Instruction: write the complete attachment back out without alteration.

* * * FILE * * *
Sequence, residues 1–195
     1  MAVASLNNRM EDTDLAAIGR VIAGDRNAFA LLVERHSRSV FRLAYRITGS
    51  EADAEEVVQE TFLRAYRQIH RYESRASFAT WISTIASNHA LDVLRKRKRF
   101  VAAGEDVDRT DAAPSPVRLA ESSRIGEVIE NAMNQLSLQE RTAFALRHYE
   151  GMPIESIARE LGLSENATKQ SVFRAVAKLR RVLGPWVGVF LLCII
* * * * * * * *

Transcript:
Sequence, residues 1–195
     1  MAVASLNNRM EDTDLAAIGR VIAGDRNAFA LLVERHSRSV FRLAYRITGS
    51  EADAEEVVQE TFLRAYRQIH RYESRASFAT WISTIASNHA LDVLRKRKRF
   101  VAAGEDVDRT DAAPSPVRLA ESSRIGEVIE NAMNQLSLQE RTAFALRHYE
   151  GMPIESIARE LGLSENATKQ SVFRAVAKLR RVLGPWVGVF LLCII